After families, schools are the most important institutions that provide the opportunity for children to fulfil their roles as healthy citizens.1 Because of this, schools need trained specialists that will work to protect and improve the health of their pupils.2 The National Association of School Nurses3defines school nursing as "a specialised practice of professional nursing that advances the wellbeing, academic success, and lifelong achievement of schoolchildren".Nurses need to be present in the school setting so that they can contribute to increasing the health and academic achievement of students as well as to their physical, mental and social development in the long term.4,5 When they are present in schools, nurses work together with school personnel towards the common goal of attaining students\\\' healthy growth and development.3,6,7At the same time, as one study8 has stated in its Humanistic Nursing Theory, communication between nurses and teachers is vitally important. Communication between teachers and the school nurse helps the nurse serve as a guide in the care of children with special needs such as children with chronic diseases like asthma and epilepsy or impairments of sight, hearing and other deficiencies.6,9Teachers have an impact on improving the wellbeing, health and behaviour of the students because of their frequent and direct communication with them.10MThe literature reveals studies of the various roles of school nurses, including in the areas of immunisation,11 management of mental health issues,12 acute and chronic health issues,9,13 advocating health promotion,14 environmental safety5 and injuries at school,15 as researcher,3 leader,16 liaising with the community4,6 and as an educator.14,17It is important that administrators, teachers and parents understand the roles of the school nurse.5,15 It is asserted in the literature that nurses\\\' roles are misinterpreted and that nurses experience difficulties in their cooperation with administrators and teachers.18 A study15 stated that administrators fail to understand some of the roles of school nurses. These misunderstood roles encompass the direct care nurses provide to students, checking students with chronic diseases, creating individual healthcare plans and acting as an intermediary to ensure those children and their families have access to healthcare services.The institution of school nursing appeared for the first time in Turkey in 1949 at the meeting of the National Education Council. The appointment of nurses to schools was accepted in the Primary School Bill that was passed in 1961. This law, however, never came into force due to budget shortages.19 School health services in Turkey are conducted jointly by the Ministry of National Education and the Ministry of Health as part of a School Health Cooperation Protocol.20 School health is an issue that is of interest to all children, from nursery school to high school. In the 2015-2016 academic year, Turkey had an enrolment of 11 million students, including pre-school, primary and secondary schools, and this figures represents 14% of the population.21 Today, school health nurses are employed in the private schools. However, the practice of employing school nurses is not widespread in the public schools. 19Various studies have been conducted to evaluate the perception of parents, administrators and teachers about the roles of school nurses. It is this perception that influences the coordinating role of the nurse and the nurse\\\'s participation in school health activities.1,5,6,13,18 There is very limited number of studies examining opinions expressed about the roles of school nurses in Turkey.22-24 The paucity of studies in this area is striking despite the importance of cooperation between teachers and nurses in terms of ensuring good health and school attendance among students. The current study was planned to compare the opinions of teachers in private and public schools about school nurses.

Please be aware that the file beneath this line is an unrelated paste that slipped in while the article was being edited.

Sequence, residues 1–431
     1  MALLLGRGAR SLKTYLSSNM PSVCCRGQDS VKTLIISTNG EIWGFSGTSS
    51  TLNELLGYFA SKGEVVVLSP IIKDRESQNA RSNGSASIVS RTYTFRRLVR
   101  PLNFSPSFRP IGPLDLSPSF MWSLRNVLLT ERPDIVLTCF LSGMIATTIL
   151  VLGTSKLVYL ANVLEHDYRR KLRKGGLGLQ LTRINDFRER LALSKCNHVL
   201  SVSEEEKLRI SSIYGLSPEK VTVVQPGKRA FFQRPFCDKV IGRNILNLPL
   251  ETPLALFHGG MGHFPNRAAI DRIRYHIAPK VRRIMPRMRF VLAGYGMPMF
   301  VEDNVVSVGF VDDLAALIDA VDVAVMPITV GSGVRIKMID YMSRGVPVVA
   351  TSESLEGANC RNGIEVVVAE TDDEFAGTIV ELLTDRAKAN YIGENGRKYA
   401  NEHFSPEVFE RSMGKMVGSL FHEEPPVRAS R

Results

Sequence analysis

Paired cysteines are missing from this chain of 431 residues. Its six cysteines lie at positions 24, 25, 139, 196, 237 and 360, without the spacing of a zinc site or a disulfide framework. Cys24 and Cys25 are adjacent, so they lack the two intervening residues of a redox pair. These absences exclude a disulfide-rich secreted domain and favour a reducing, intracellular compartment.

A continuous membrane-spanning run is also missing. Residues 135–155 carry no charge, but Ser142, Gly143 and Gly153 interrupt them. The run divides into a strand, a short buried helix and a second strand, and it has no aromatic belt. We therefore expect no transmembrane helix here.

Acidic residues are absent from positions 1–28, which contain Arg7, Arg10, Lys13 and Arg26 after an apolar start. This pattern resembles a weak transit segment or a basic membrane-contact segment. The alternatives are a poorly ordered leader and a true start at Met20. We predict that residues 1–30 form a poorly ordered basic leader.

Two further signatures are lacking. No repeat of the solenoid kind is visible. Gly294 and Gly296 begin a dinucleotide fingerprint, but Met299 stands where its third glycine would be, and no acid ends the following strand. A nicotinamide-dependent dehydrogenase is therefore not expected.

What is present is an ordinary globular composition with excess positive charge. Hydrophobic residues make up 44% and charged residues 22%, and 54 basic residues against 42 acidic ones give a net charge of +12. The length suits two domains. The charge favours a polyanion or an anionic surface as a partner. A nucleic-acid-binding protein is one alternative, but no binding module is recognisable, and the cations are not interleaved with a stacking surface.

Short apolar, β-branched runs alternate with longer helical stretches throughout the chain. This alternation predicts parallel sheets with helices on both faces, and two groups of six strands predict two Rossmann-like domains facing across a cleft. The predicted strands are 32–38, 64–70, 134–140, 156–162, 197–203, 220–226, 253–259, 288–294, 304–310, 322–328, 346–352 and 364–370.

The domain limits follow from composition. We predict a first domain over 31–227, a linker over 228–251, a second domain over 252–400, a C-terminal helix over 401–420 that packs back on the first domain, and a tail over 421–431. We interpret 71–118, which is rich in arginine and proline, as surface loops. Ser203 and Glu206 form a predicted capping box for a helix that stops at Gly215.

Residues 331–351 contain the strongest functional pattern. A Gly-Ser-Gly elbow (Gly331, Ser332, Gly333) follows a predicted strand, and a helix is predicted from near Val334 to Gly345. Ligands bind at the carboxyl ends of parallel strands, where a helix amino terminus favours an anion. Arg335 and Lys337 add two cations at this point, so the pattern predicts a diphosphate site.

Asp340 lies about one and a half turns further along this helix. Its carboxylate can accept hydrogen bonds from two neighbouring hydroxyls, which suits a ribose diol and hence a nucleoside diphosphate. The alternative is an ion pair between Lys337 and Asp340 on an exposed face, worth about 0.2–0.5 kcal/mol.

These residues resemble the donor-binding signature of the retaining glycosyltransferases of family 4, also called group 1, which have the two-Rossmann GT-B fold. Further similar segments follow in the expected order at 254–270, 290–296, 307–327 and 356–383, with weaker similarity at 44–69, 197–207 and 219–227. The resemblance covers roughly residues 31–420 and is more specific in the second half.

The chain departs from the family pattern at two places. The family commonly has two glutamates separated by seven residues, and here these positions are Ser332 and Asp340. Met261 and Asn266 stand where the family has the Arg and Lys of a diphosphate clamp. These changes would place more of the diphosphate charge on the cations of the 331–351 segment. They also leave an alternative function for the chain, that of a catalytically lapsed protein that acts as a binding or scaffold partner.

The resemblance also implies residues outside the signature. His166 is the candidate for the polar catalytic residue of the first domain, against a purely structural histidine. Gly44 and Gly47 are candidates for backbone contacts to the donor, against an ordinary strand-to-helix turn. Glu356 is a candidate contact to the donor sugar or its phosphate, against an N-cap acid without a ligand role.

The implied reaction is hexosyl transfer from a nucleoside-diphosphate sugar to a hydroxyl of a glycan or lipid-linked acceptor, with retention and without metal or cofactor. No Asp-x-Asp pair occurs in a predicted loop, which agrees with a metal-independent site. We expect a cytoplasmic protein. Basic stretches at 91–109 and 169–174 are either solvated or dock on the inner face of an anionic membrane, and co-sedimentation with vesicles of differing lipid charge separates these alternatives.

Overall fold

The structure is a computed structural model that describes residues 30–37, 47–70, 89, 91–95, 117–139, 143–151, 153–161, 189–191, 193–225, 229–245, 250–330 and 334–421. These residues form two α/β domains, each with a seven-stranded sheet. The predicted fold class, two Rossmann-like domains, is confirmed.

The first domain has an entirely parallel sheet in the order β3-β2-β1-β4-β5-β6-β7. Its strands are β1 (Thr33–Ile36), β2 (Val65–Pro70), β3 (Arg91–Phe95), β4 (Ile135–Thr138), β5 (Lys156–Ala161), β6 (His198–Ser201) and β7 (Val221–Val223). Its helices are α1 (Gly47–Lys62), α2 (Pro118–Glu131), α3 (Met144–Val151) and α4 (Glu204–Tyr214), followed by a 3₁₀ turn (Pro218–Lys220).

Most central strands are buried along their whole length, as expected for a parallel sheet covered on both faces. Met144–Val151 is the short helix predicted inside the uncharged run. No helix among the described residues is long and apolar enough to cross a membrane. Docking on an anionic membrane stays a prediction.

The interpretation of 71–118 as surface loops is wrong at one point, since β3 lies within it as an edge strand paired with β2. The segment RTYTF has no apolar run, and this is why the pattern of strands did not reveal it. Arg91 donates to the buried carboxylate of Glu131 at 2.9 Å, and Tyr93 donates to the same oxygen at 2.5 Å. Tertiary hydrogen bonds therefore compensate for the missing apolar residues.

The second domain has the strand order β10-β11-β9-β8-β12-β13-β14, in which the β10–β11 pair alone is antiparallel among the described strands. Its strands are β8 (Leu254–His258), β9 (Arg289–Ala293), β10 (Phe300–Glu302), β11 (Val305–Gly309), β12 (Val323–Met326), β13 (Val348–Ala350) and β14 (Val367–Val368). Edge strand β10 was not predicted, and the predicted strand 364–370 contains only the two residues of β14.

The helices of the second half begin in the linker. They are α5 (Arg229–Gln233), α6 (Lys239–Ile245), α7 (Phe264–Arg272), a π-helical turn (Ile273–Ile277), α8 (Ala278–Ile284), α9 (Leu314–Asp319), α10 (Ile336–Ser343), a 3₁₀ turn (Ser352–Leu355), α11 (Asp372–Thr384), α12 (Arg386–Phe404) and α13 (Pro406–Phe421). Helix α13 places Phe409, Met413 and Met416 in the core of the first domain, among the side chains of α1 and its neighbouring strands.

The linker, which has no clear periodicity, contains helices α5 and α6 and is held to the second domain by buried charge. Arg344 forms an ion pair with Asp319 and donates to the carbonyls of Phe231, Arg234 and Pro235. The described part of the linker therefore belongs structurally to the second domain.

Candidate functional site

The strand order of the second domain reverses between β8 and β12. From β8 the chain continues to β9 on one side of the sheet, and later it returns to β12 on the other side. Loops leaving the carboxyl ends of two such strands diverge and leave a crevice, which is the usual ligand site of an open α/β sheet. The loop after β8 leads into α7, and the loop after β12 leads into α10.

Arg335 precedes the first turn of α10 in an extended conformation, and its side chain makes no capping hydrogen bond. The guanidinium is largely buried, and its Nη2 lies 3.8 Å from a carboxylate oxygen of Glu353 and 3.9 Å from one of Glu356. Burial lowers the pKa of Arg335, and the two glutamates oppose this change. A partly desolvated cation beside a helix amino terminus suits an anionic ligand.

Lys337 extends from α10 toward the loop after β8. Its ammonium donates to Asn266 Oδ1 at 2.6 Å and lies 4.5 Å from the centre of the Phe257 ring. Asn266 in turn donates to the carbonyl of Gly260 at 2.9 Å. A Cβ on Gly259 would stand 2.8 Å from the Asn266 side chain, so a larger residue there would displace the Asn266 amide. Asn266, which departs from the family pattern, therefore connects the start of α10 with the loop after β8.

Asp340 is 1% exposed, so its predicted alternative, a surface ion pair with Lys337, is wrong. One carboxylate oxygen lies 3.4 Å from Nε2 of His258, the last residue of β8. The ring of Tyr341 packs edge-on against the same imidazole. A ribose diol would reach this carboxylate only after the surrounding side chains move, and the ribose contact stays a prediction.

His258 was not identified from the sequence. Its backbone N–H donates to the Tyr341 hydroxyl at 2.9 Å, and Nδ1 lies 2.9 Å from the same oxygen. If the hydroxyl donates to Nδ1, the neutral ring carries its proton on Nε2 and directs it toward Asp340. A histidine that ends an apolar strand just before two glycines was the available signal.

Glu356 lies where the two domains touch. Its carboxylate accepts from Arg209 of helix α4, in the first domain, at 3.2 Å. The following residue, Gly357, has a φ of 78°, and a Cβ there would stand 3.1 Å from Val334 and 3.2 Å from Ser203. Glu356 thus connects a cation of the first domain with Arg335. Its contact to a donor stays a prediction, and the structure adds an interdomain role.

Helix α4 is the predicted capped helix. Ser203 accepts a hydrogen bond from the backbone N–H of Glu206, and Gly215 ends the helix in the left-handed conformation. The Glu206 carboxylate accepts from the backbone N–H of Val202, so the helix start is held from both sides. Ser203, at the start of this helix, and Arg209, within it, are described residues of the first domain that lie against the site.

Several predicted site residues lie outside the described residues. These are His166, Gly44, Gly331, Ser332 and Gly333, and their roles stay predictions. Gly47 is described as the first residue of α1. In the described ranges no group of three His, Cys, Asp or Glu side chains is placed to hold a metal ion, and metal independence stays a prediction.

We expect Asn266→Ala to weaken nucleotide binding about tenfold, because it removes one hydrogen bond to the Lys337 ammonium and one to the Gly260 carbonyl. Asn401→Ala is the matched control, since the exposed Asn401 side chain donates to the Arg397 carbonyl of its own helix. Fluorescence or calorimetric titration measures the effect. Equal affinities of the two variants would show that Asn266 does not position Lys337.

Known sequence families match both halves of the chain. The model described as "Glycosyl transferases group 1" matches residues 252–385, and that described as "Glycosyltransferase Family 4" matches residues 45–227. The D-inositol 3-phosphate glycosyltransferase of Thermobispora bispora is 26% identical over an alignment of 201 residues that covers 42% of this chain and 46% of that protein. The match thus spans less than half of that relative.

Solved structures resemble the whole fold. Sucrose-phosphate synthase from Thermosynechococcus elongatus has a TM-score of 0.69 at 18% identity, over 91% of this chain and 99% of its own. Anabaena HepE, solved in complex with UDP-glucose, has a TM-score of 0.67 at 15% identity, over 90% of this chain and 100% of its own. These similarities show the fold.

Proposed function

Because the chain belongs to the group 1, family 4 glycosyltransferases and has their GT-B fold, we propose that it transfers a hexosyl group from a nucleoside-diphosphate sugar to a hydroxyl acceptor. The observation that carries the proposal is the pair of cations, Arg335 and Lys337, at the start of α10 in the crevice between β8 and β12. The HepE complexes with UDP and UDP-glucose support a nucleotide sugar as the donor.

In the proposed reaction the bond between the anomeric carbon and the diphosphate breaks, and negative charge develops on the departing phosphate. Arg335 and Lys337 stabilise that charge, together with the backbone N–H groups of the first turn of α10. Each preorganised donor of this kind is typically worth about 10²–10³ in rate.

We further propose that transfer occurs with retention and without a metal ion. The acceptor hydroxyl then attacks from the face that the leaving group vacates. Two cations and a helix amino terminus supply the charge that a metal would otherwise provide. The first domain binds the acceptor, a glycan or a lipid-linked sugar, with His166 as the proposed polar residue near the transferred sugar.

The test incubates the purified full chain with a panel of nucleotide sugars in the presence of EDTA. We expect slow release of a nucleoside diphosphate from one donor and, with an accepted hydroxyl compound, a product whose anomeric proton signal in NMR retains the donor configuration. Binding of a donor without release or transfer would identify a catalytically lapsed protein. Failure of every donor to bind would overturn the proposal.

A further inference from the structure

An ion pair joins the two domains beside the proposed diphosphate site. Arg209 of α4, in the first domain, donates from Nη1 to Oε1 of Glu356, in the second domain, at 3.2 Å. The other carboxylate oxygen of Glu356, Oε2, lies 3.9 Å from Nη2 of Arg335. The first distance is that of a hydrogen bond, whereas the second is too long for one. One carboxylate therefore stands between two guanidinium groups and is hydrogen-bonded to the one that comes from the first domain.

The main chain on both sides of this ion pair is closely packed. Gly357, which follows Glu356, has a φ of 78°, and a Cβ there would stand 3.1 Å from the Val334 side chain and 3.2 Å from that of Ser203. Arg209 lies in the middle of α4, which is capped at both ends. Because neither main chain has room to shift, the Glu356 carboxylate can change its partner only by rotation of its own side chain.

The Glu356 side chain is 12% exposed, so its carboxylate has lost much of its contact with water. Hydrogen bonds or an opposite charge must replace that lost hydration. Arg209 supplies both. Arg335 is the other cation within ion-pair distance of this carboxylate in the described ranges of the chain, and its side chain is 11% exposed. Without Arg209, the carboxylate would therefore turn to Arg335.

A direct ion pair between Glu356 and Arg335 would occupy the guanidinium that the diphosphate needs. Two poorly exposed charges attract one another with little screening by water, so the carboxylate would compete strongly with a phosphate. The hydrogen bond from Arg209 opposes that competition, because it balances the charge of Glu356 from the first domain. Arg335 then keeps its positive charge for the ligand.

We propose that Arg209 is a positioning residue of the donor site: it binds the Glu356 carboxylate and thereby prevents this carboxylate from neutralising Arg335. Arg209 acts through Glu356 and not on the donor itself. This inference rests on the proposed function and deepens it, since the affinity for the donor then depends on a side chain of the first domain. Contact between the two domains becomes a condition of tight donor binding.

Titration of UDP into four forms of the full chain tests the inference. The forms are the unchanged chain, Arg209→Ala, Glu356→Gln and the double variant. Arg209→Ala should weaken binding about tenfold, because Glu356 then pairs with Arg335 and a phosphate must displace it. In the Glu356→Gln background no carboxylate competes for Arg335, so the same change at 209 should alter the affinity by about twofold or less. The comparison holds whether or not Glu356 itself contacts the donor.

Subjects and Methods